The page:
High interest rates impact builders as well as buyers, and, because of this, developers are stepping up production of attached single-family home options like condos and townhomes, which are more economical than detached single-family homes.  

Add in the financial incentives offered by builders—including mortgage rate buydowns—and sales of new builds have increased 24% year over year. 

Also, with the just-announced partnership between Zillow and Redfin, builders and buyers can find each other more easily on both platforms: builder community pages are now accessible to users, and buyers on both platforms can learn about new builds not yet on the market, along with the amenities for each new development. 

Developers across the U.S. are aware of the difficulties surrounding the construction of affordable housing, and what they can do is increase production of more economical options. 

From Zillow’s report, that means a few things: 

  • Less square footage 
  • More levels (i.e., taller than two stories)
  • Attached rather than detached single-family home types 
  • Starting construction off-site

In 2022, construction of detached single family homes dropped by 12% while building starts for attached homes went up by 2.9%. 


Source: Zillow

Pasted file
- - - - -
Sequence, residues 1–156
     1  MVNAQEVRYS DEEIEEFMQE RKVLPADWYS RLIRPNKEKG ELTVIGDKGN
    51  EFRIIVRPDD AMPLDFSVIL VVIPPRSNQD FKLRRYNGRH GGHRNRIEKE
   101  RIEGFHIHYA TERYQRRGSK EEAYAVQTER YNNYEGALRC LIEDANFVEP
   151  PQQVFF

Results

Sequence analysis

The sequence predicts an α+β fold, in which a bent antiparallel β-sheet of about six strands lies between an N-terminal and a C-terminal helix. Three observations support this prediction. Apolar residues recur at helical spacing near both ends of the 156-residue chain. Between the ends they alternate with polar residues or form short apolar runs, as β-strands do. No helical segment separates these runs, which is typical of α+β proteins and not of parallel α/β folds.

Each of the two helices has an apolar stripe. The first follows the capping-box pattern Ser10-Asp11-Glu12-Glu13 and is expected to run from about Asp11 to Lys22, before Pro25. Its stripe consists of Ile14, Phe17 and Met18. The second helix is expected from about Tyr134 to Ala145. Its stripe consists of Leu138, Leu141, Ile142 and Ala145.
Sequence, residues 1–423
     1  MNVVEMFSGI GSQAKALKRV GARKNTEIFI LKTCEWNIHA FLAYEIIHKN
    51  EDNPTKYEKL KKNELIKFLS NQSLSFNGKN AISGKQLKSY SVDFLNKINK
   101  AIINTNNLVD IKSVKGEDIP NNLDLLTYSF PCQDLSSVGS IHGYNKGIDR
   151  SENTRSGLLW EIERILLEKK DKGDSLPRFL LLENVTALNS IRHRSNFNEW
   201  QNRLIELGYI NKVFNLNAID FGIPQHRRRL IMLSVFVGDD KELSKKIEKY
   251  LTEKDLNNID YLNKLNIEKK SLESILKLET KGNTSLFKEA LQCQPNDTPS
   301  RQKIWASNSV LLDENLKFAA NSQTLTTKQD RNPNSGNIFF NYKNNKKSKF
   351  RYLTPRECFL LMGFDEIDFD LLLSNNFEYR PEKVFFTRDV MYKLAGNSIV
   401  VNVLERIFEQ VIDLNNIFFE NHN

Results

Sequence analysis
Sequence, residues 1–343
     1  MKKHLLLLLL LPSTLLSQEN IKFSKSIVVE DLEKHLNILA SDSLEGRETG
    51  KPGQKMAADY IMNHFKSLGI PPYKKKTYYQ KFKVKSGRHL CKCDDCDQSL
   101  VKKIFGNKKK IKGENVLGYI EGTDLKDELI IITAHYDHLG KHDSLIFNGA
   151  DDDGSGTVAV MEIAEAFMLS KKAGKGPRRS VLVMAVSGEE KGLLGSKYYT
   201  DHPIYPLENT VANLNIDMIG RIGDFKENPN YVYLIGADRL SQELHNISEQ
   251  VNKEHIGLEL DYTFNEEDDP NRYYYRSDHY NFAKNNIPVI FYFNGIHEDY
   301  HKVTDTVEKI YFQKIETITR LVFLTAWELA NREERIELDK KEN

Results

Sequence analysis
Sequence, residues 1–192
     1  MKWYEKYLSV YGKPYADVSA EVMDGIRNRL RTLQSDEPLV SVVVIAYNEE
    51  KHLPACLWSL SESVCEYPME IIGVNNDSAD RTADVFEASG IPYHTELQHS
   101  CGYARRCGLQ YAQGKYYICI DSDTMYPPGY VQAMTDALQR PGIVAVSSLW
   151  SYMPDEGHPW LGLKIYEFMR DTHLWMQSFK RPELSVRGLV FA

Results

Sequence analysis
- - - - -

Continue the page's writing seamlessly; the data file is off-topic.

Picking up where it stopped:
Single-family construction: pre-pandemic to the present

Backing up a bit, single-family home construction surged during the pandemic as builders aimed to close the housing gap. Buyer demand was high, and home prices were climbing. 

But as the Fed started raising rates in 2022 to fight inflation, the cost of financing went up, and buyer demand started to cool. The pace of construction also slowed, but the types of homes being built also changed

According to Survey of Construction 2022 microdata, builders started focusing their resources on smaller, attached homes with fewer bedrooms and more stories. 

Single-family housing starts in 2022 surpassed 2019’s by 14.3%. And while detached homes made up the large majority of those starts (on average, above 85%), the growth in housing was more concentrated in attached homes. 

The year 2022 brought more than 37% more attached single-family housing starts compared to 2019. Detached single-family housing starts, by comparison, increased by 11%. 

The increase in single-family housing starts was also more concentrated among smaller units with fewer bedrooms. In fact, homes with fewer than three bedrooms saw a 9.5% increase from 2021 to 2022, while housing starts with three bedrooms or more dropped by 13.1%. 

Make it smaller—but taller